“I won’t say I drove very good, and I didn’t drive today. That’s because the truck didn’t start right off the bat. Second thing is you haven’t drove in two years, I was with my wife last night coming back from eating and I’m sitting there, coming back from Joe Senser’s, getting a cheeseburger and trying to relax a little bit, when I was driving, I was like this [two hands on the wheel], and she was like, ‘Move over to the right.’ It was like driver’s ed. But the bottom line is I did it.”

Jottings

• Anthony Anderson, the outstanding Eden Prairie running back who will attend Iowa Western Community College, is likely headed for the Gophers after one year there.

• Tom Luginbill of ESPN sang the praises of Gentry, who played at one of the top high school programs in Ohio in Cincinnati Moeller. The school has produced as many future college stars as any school in that state.

• Though many mock drafts have the Vikings taking Fresno State quarterback Derek Carr with the eighth overall pick, at least a handful believe they will take a defensive player such as linebackers Khalil Mack of Buffalo or Anthony Barr of UCLA. I believe the Vikings will take a defensive player in the first round and a quarterback later on.

• Former Timberwolves first-round draft choice Wes Johnson, who was a flop here, is starting for the Lakers and entered Tuesday averaging 8.2 points per game, but he scored 15 points against the Wolves before scoring 20 in a victory at Cleveland on Wednesday.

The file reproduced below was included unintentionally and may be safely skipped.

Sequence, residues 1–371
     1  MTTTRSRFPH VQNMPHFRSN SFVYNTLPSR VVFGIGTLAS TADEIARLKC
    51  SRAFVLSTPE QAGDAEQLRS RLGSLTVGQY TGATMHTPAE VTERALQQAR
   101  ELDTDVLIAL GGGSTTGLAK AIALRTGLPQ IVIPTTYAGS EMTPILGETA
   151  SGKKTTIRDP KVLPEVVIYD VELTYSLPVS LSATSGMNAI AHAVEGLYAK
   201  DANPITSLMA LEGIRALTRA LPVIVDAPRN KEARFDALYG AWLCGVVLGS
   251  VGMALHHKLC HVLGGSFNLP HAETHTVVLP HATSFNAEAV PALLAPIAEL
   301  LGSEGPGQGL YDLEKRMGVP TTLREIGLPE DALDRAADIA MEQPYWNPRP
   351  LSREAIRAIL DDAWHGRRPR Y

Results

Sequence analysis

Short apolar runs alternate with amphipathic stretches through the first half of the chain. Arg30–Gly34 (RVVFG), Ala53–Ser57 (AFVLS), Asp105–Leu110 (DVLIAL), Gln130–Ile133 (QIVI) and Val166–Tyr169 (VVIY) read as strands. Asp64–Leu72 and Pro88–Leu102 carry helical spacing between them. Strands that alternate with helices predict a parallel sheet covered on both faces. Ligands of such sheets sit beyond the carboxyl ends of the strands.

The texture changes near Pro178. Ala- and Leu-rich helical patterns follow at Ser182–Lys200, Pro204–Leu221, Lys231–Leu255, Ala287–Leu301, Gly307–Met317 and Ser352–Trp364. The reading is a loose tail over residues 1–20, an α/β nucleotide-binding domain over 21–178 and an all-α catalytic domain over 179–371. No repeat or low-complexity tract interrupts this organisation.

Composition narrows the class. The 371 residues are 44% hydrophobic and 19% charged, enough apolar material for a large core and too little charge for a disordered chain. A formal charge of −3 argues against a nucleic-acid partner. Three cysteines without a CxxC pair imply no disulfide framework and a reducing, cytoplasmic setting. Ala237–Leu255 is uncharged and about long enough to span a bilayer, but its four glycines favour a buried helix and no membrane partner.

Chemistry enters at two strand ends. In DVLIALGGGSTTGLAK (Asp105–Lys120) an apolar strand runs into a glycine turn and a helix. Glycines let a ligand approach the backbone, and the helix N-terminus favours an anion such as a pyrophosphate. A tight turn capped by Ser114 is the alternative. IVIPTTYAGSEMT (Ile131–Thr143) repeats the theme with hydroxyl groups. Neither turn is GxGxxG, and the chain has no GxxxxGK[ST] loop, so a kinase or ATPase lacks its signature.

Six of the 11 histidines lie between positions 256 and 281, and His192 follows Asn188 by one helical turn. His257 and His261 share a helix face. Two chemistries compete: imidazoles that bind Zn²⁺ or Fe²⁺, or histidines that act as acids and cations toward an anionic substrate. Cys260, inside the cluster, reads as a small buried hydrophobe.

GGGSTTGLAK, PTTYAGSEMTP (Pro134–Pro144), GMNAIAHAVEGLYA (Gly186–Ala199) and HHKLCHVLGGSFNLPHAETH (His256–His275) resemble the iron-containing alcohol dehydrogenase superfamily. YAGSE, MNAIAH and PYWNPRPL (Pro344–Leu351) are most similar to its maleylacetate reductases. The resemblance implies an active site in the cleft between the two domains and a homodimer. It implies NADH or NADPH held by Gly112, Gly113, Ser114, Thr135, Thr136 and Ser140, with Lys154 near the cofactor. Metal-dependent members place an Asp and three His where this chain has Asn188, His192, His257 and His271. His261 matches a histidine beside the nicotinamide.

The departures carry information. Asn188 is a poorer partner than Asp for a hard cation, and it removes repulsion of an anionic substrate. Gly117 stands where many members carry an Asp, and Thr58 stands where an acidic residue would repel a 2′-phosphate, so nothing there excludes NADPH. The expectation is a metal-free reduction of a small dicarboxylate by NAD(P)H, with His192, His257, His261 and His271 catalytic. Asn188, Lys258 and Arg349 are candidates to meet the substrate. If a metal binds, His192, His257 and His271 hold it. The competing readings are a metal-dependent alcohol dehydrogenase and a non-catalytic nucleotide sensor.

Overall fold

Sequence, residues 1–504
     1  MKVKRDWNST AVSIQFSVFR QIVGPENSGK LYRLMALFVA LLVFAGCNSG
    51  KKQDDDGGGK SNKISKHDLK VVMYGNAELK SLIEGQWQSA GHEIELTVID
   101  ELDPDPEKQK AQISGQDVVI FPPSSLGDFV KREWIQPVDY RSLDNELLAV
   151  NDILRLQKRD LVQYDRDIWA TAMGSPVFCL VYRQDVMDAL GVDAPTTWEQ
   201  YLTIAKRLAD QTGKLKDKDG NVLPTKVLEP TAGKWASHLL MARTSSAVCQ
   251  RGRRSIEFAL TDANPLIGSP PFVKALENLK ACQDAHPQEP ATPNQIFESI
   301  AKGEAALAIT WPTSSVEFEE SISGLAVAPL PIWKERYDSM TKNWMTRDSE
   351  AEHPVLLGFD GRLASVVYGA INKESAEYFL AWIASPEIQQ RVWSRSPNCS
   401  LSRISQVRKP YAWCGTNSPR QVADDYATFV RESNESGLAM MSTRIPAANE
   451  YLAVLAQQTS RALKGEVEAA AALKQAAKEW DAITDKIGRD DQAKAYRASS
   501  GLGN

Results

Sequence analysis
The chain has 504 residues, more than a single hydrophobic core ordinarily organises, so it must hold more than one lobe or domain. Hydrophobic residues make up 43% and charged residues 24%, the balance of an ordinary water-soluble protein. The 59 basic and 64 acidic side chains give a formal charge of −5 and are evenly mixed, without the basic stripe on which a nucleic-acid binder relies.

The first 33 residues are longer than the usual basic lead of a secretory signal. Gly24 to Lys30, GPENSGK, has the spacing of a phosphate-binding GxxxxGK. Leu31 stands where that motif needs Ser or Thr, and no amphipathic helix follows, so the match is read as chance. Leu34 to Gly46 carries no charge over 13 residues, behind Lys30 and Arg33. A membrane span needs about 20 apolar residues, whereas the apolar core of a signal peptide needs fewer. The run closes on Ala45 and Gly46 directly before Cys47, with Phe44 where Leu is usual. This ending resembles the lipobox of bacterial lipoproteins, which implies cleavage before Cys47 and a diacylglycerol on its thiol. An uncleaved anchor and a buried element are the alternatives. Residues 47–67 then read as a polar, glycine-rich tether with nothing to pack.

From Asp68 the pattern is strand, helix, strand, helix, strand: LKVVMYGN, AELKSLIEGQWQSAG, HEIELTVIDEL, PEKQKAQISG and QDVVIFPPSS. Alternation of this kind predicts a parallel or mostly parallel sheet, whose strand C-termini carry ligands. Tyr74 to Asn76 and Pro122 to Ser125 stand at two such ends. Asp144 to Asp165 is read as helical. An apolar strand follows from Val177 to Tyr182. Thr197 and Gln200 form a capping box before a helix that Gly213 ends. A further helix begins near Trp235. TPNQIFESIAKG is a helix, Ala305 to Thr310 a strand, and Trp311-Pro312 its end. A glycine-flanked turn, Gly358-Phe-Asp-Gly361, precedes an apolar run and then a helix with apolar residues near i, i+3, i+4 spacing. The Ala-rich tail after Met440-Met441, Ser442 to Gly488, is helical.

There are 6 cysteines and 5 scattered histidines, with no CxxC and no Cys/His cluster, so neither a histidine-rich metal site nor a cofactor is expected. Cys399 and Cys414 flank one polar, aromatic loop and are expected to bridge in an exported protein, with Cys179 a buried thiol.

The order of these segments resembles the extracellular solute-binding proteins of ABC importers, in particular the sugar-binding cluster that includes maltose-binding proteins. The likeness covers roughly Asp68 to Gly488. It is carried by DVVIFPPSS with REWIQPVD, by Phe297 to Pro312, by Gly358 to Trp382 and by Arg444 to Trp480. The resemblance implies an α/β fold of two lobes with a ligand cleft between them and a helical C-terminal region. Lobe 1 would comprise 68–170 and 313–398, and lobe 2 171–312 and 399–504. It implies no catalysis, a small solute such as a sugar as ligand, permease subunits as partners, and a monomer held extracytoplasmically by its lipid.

• Thomas Hammock, who quit his job as Gophers running backs coach to join the Wisconsin staff in 2011, is leaving the Badgers after taking part in their recruiting to join the Baltimore Ravens staff.

• Fred Hoiberg, the former Wolves player and executive now coaching at Iowa State, scored a big upset Monday when the Cyclones won at Oklahoma State in three overtimes.

• Richfield High School’s Obsa Ali, who won the Class 2A cross-country title last fall after winning the 3,200 meters in record time last spring, signed a letter of intent with the Gophers. … Former Gophers receiver Devin Crawford-Tufts, who quit football to concentrate on track, has left the track team as well, the Minnesota Daily reported.

• Red Wing High School got a great coach and a very smart football mind when it hired former Gophers quarterback Rickey Foggie as its coach.

Sid Hartman can be heard weekdays on 830-AM at 6:40, 7:40 and 8:40 a.m. and on Sundays at 9:30 a.m. • shartman@startribune.com